The Qualcomm Snapdragon 780G is the 765 successor we've been waiting for

Qualcomm Snapdragon 780G Logo
Qualcomm Snapdragon 780G Logo (Image credit: Qualcomm)

What you need to know

  • The Snapdragon 780G features a triple ISP for simultaneous image capture and support for advanced AI capabilities.
  • Qualcomm promises top-tier gaming with 10-bit HDR and updateable GPU drivers.
  • The first phones to come equipped with the new chip are expected to arrive in Q2 2021.

The successor to the Qualcomm Snapdragon 765 is finally here. After much speculation about a follow-up to one of last year's most popular mobile chips, the Snapdragon 780G has arrived to continue pushing the best cheap Android phones to new heights. That includes new camera capabilities, powerful AI processing, and top-notch gaming performance, with features previously found only in the flagship Qualcomm Snapdragon 888.

The new Snapdragon 780G consists of a Kryo 670 CPU and Adreno 642 GPU built using a 5nm process, making it more energy-efficient and 40% more powerful than the 7nm Snapdragon 765. Qualcomm touts its 6th generation AI processor offers 2x the performance compared to the Snapdragon 768, which itself was a boosted version of the 765. This helps to enable AI across all aspects of the smartphone experience thanks to Qualcomm Sensing Hub, enhancing various aspects of normal use from voice calls to your data connection.

Images get a boost with the new Qualcomm Spectra 570, bringing the first triple-capture ISP to Qualcomm's 7-series chips. This means you can simultaneously capture images from three different focal lengths, which was once a big deal with the 2018 flagship LG V40 and has recently been showing up on more smartphones. The chip should bring improved low-light capabilities as well as 4K HDR video capture.

Flagship features are arriving on mid-range phones, and Qualcomm is more than ready.

Snapdragon Elite Gaming promises a provide a smooth gaming experience with support for 10-bit HDR and 144Hz displays, which can be found on many of the best phones for gamers like the ASUS ROG Phone 5. Audio should also get a boost with thanks to Qualcomm Snapdragon Sound, which was previously only available on the Snapdragon 888.

On the connectivity side, the Snapdragon 780G comes with an integrated X53 5G modem, offering Sub-6 5G with support for Dynamic Spectrum Sharing (DDS), which allocated spectrum from a carrier's 4G network to help boost 5G. Most global 5G networks rely on Sub-6, so any smartphone powered by the Snapdragon 780G will be well-equipped for a global launch. The X53 modem supports download speeds up to 3.3Gbps, although you're unlikely to see these speeds in real-world performance.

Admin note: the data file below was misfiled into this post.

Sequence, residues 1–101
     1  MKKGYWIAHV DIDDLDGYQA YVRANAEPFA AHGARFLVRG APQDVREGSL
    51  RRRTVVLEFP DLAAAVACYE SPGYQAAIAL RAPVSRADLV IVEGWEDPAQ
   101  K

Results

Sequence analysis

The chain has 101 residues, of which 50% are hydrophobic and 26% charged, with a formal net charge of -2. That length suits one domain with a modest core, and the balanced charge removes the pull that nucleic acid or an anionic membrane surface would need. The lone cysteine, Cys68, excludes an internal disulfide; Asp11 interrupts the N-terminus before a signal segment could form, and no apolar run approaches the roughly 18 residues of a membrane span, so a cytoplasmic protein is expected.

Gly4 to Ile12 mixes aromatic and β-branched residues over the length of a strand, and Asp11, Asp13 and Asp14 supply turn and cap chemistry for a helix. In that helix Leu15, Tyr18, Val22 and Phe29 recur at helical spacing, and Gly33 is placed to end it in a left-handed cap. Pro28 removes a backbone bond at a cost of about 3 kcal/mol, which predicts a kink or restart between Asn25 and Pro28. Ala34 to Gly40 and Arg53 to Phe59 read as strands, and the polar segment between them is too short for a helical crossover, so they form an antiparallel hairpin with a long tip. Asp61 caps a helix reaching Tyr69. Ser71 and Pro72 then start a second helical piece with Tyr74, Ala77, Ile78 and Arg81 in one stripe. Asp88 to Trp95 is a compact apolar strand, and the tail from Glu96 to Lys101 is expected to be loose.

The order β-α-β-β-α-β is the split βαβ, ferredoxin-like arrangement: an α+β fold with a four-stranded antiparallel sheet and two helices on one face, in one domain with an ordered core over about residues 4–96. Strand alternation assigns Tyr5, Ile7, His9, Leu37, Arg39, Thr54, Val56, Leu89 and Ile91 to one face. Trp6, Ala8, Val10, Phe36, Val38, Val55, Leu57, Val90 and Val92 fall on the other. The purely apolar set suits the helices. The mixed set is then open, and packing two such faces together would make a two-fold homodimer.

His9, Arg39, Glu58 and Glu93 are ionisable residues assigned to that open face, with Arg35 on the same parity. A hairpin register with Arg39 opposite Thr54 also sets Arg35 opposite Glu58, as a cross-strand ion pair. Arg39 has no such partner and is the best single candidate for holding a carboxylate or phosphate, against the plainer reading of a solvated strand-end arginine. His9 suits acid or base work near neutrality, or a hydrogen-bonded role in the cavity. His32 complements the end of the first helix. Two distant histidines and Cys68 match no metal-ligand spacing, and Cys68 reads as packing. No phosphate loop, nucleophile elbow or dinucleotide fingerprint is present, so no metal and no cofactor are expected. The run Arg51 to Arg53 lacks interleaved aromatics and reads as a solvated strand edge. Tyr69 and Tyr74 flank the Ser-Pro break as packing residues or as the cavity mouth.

Unfortunately, there's no support for mmWave 5G, which is more prevalent in the U.S. on carriers like Verizon. There is, however, FastConnect 6900 on-board, bringing support for Wi-Fi 6E and the 6GHz band for increased bandwidth and stronger connections.

With these powerful specs, the Snapdragon 780G manages to offer solid flagship-level performance for mid-range smartphones. Its predecessor, the Snapdragon 765, was vital in expanding 5G to more affordable price points in 2020 and was also featured in flagship smartphones like the Google Pixel 5 and LG Wing. With the best 5G networks expanding to more people and places and features from the best Android phones trickling down to more affordable devices, chips like the Snapdragon 780G ensure Qualcomm is more than up to the task.

Smartphones featuring the Snapdragon 780G are expected to arrive in Q2, so it shouldn't be long before we start seeing the first models. If last year is anything to go off, the Google Pixel 6 is likely to sport this chipset when it launches later this year.

Derrek Lee
News Editor

Derrek is a long-time Nokia and LG fanboy who loves astronomy, videography, and sci-fi movies. When he's not working, he's most likely working out or smoldering at the camera.

  • The lack of MMWave support is disappointing considering it's still locked to flagship chips and high end prices, guess I'm gonna keep waiting
  • It's about time for a challenge to these overpriced high end £1000 phones. Bring it on.
  • So if Pixel 6 launches with this, are we saying not supported by Verizon?
  • Strange. The 765G works on both Verizon 5G networks; if this is a replacement is should too. If not, it is not a replacement, just a new chip.
  • Finally a decent Snapdragon 700 series mid range chip to challenge the Snapdragon 800 series.
  • So if this new chip is all the power anyone needs to do everything possible on their phone...then why would anyone in their right mind shell out even more $$$$$ for an 800 series chip? Why would these manufacturers compete against themselves? Does it "really" cost more to produce the 800 series over the 700 series? Why not just lower the price of the best and continue to make as much money? Somehow "we" the consumer are being mislead here.
  • The chip is only 1 small part of the phone. Flagship phones still have more (and usually faster) memory/ram, cameras, etc. All of which cost more money to make. 
  • True. However, all that extra RAM, cameras, etc. are unnecessary for all but the very small niche of power users. Very few people, even power users need 12gb of RAM. Even 8gb on a phone is still overkill for the majority of people. I think Stanley is asking, if the 800 series only gives you 15% more, and of that 15%, 10% of it is just frivolous. If you're not a poweruser that needs every ounce of the remaining 5%, why spend the money on a flagship chip, if it essentially won't change the majority's user experience.